#163 from R&D Innovator Volume 4, Number 6          June 1995

A Dream That’s Coming True    
by Yehoram Uziel

Mr. Uziel is founder, president and chief executive officer of Soligen Technologies, Inc.

I love history, and have always been fascinated by the influences of great inventors.  As a child, I dreamed of being in the same category as Gutenberg, Edison, and Newton.  But it didn’t take long to realize that I wasn’t exactly in their league.  However, I’ve never lost the desire to contribute a highly significant breakthrough.                                   

Back in 1981, I worked for Optrotech, Ltd., an Israeli company that pioneered the automated optical inspection of printed circuit boards.  Eight years later, the company was the recognized market leader.  Then, I was vice president of new business development, looking for new opportunities.                        

Gutenberg’s simple idea of a printing press using moveable type resulted in the printing revolution.  It made the written word available to everyone.  By analogy, I was looking for a way to create a 3-dimensional printing press using moveable type.  I envisioned a machine fed with  computer aided design (CAD) information for a manufactured part—say an automotive engine block.  The machine would automatically, and simply, produce the part.  

At that time, I didn’t have a clue of how to make such a 3-dimensional printing press. When I shared this idea with my close friends and business partners, they became concerned that I was having an early mid-life crisis.                                            

Molds for Parts Manufacturing

Industrial components (e.g. tools) and functional parts (e.g. pistons) are either made by carving them out of billets or by casting them into pre-made cavities or molds made of either steel or sand.  The steel molds, themselves, are made by casting steel into ceramic molds.  A 3-dimensional printing press that automatically produces ceramic molds, could be useful for both direct metal parts fabrication, as well as casting the steel molds, themselves.                                                                                                          

The typical process of making ceramic molds for metal casting today is only slightly different from the process which the Romans used two thousand years ago to make tools and vessels.  That process used a wood or a wax pattern (the positive impression) of the item, which was covered with sand or clay.  After the clay mold (the negative impression) hardened, the wood pattern was pulled out of the clay mold or the wax was burned out.  Molten metal is poured inside to form the final object.  After the metal solidifies, the clay mold is cracked open to yield the metal part.  A separate clay mold was therefore needed for each different metal part.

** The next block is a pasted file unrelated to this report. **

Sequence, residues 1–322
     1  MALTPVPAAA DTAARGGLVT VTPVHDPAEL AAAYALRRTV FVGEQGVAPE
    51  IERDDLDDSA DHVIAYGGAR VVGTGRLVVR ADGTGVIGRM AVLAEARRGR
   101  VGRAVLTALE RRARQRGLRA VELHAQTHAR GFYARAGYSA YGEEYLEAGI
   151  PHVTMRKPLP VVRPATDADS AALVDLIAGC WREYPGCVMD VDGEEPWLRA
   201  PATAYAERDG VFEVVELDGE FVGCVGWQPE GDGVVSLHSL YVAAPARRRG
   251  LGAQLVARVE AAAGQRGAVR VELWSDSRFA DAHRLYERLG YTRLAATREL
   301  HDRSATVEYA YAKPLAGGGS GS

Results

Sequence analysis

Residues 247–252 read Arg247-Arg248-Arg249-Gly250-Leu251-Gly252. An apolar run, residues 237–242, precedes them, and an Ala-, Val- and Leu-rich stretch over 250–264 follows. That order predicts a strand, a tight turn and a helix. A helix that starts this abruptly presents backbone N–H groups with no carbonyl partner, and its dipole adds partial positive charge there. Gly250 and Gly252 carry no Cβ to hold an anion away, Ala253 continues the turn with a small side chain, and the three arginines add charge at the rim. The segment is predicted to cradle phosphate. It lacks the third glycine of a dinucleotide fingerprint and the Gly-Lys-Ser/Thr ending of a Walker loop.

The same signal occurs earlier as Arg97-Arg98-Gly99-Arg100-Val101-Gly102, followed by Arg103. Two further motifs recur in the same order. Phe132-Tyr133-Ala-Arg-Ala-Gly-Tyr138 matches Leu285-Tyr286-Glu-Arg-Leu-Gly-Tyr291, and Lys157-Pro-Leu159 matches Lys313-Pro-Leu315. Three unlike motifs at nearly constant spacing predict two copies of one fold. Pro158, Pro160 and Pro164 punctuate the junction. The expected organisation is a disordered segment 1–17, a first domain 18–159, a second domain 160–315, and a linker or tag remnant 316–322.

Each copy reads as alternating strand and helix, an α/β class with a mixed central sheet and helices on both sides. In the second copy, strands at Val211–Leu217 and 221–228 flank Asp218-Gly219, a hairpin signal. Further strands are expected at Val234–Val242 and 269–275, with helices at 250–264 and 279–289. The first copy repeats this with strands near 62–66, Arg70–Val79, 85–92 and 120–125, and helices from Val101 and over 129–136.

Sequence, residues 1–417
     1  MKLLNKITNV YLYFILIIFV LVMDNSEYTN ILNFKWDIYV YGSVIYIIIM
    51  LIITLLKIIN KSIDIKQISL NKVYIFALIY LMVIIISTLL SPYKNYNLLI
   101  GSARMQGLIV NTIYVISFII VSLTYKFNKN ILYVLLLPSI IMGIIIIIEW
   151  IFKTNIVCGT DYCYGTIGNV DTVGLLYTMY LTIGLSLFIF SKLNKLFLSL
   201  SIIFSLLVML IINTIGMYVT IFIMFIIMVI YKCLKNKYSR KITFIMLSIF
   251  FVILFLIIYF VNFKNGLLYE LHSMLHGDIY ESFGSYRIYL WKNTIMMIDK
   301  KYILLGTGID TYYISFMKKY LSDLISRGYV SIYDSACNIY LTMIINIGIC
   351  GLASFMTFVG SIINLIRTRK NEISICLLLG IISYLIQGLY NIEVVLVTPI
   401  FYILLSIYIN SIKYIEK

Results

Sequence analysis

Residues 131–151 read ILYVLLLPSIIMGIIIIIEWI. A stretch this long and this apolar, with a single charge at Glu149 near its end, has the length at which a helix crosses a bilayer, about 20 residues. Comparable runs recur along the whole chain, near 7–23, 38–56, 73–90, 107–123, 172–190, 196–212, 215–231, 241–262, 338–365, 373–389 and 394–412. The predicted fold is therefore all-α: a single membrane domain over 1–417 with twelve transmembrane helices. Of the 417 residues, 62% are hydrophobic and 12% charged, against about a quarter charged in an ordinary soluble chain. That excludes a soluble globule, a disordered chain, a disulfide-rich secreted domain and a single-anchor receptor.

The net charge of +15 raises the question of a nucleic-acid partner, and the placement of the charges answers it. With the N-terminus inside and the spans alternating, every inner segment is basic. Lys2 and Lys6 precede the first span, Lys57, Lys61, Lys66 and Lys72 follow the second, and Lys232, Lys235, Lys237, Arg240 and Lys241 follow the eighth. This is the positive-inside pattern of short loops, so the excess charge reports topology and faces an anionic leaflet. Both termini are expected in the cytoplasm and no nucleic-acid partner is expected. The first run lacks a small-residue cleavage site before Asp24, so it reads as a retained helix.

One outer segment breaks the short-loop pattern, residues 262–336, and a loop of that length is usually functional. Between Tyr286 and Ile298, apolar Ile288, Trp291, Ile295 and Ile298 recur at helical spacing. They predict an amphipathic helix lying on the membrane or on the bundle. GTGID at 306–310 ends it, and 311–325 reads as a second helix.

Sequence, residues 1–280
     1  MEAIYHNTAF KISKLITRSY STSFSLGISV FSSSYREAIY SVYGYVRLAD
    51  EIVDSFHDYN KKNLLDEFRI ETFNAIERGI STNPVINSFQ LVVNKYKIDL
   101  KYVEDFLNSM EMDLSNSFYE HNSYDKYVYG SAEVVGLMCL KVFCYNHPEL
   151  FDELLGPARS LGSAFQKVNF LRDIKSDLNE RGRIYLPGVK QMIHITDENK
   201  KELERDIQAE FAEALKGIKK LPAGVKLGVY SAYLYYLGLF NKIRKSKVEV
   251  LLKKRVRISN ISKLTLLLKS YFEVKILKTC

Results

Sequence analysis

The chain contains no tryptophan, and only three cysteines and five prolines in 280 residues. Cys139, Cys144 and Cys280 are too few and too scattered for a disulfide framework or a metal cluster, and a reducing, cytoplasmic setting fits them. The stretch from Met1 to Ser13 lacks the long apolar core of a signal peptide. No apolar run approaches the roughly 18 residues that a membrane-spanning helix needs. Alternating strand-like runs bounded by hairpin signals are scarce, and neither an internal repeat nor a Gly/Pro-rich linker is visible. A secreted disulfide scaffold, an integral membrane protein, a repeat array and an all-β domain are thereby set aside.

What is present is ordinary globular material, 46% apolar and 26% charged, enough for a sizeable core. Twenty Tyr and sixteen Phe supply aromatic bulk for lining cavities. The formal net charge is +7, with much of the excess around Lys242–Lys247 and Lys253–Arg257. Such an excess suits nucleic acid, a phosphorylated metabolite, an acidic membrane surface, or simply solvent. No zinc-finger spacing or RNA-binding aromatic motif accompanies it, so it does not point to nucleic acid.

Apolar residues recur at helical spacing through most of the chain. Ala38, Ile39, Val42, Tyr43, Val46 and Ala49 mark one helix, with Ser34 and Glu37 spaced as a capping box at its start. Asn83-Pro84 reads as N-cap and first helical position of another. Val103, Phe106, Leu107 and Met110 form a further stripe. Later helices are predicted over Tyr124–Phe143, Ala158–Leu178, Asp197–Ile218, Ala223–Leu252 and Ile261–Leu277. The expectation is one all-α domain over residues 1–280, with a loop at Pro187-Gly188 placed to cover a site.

Today’s pattern-makers are specialists who form their patterns from blueprints.  Although the wood has been replaced by other materials, pattern-makers often use manual sculpting to achieve the desired shape and texture.  It’s a slow and expensive process.  While the expense may be justified for an object manufactured in large quantities, it really becomes costly for parts that are produced in relatively small quantities.  The expense is especially felt for prototypes that must be tested--and frequently discarded--before the commercial stage.                                                                                           

My first stab at fabricating patterns automatically took place at Optrotech, where I built an apparatus that could create 3-dimensional objects directly from CAD files.  Using electro-optics, we controlled a laser beam to draw cross sections of the pattern on the top layer of an optical liquid glue that solidified under the laser.  We made a succession of cross sections until the entire pattern  was formed in solid, laminated plastic.  That plastic pattern became the master, or positive impression, from which ceramic molds (negative impressions) could be made.